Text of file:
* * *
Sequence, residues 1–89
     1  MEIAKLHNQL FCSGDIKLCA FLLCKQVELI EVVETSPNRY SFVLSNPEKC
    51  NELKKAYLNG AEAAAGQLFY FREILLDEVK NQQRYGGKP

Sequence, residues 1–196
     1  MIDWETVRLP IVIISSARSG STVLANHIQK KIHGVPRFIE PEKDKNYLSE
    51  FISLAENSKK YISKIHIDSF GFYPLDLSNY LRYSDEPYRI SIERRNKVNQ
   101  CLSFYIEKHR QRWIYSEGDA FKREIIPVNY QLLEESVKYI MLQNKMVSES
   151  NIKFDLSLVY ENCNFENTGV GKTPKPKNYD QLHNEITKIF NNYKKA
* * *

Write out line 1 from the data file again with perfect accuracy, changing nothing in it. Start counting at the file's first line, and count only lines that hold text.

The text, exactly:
Sequence, residues 1–89